Thursday, March 17, 2011

CSR and Disaster Risk Reduction – Part 2 (guest blog)

Guest Blog by Ian Doyle

In part one of my reflection on CSR and natural disasters, I reflected on how business has a role to play in minimising the vulnerability of the communities in which they operate. In part two, I reflect on how disaster risk reduction can actually be a vehicle for business to contribute to sustainable development by addressing the systemic causes that expose communities to natural hazard risk.

The outfall from the Eyjafjallajökull volcano eruption in Iceland in 2010 was a good example. In the three days after the eruption and the subsequent grounding of aircraft, 5000 farm workers in Kenya had been temporarily laid-off due to the lack of market access.[1] Whilst Tesco was able to organise an alternative delivery route through Spain, it raises the question of the viability of trade arrangements that create such dependencies.[2]

In the case of a supermarket chain, greater corporate responsibility could involve a strategy that strengthens local markets to provide food for the local population. This would represent an investment in the supply chain rather than an opportunity to cut costs. By taking such an approach, the unpredictability of natural disasters can be tempered as there is greater supply chain capacity to respond when calamity strikes.

Furthermore, such an approach could actually avoid some disasters altogether. While a business continuity plan for fast-onset disasters such as earthquakes and volcanic eruptions can minimise the impact of a catastrophe, slow-onset disasters such as drought need not necessarily create humanitarian crises.

An Interpares study on community-based food security systems showed how poor communities in the Medak district, a semi-arid region in the Indian state of Andhra Pradesh and also part of India’s “hunger belt”, were unaffected by the 2001-2002 drought.[3] By growing grain that is adapted to a low-rainfall climate and through the establishment of a community grain fund that enables food sovereignty in lean times, the communities had no need of external assistance during the emergency. What this demonstrates is that while the drought was unavoidable, the appropriate management of resources can strengthen communities as well as reducing their vulnerability in the event of a potential disaster.

While there was no corporate involvement in the above example, companies that align their core business practices for the purposes of social development may be able to develop disaster risk reduction solutions that go beyond risk minimisation. For instance, a food services company could partner with a community to support traditional farmer methods that maintain land sovereignty and are adapted to arid climates. Rather than an emergency relief approach that is reactionary, by addressing the systemic issues that expose vulnerable communities to risk in the event of disaster, communities can be strengthened to avoid tragedy all together.”

About the blogger

Lifeworth Consulting associate (, Ian Doyle, has based this blog on Lifeworth’s pro-bono work with the United Nations International Strategy for Disaster Reduction (UNISDR), and his forthcoming article co-authored with professor Jem Bendell in issue 41 of the Journal of Corporate Citizenship.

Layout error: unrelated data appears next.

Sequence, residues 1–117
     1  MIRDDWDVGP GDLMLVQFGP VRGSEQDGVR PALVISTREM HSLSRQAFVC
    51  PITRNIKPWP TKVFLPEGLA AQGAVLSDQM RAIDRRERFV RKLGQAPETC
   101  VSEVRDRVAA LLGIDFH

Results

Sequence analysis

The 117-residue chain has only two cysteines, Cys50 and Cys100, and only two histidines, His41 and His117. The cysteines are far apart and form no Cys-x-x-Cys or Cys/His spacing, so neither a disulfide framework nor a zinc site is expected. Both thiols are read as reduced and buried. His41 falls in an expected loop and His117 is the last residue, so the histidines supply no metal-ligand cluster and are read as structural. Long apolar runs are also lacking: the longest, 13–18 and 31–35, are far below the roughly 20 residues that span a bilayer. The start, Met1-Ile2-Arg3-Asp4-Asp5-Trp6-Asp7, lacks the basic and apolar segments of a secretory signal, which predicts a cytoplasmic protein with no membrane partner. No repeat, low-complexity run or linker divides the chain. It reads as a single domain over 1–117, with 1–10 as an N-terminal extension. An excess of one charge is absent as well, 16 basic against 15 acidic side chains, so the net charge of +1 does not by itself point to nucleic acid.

[1] Nick Wadhams. ‘Iceland volcano: Kenya’s farmers losing $1.3m a day in flights chaos’. Le Guardian Online. 18 April 2010.

[2] BBC News. ‘Volcanic ash: Tesco delivers Kenyan produce via Spain’. BBC News Online. 20 April 2010.

[3] Interpares. ‘Community-bassed Food Security Systems: Local Solutions for Ending Chronic Hunger and Promoting Rural Development’. Online. 2004.

Saturday, March 12, 2011

CSR and Disaster Risk Reduction - Part 1 (Guest Blog)

Guest Blog by Ian Doyle

One aspect of social media (see previous blogs) relates to disaster risk reduction. Wayne Visser, in his book The Age of Responsibility provided examples of “crowdsourcing” through social media platforms such as Peoplefinder in the aftermath of Hurricane Katrina, and “Mission 4636” following the Haiti earthquake that proved to be effective tools in responding to requests for help and in locating missing persons.[1]

Social media is also providing important access to information in the wake of disasters. [2] This was exemplified by the Japan earthquake yesterday. With Japanese telecommunications affected by the seismic activity, but the internet still working, Twitter and Facebook were the most effective way to get news out. Therefore disaster risk reduction is one field where social media enterprise could contribute as part of its corporate social responsibility.

Interestingly, the Japan earthquake also reminds us of how companies other than social media enterprise can respond to disasters. Google for instance, ‘advertised’ this warning on its search engine page in response to the earthquake, thus becoming a global emergency alert system, stating:

“Tsunami Alert for New Zealand, the Philippines, Indonesia, Papua New Guinea, Hawaii and others. Waves expected over the next few hours caused by 8.9 earthquake in Japan.” And just hours later, updated it to: “Tsunami Alert Waves expected across the Pacific region, caused by 8.9 earthquake in Japan,” and then “Resources related to the Japanese earthquake and tsunami.”

The importance of business taking an active role in disaster risk reduction is becoming more and more relevant. As developing countries are most affected by natural disasters and many corporations have transferred their production facilities to these regions, it stands to reason that businesses start to reflect on their societal role in the event of a catastrophe.[3] How business is addressing disaster risk reduction overall is thus another part of corporate responsibility that companies need to consider.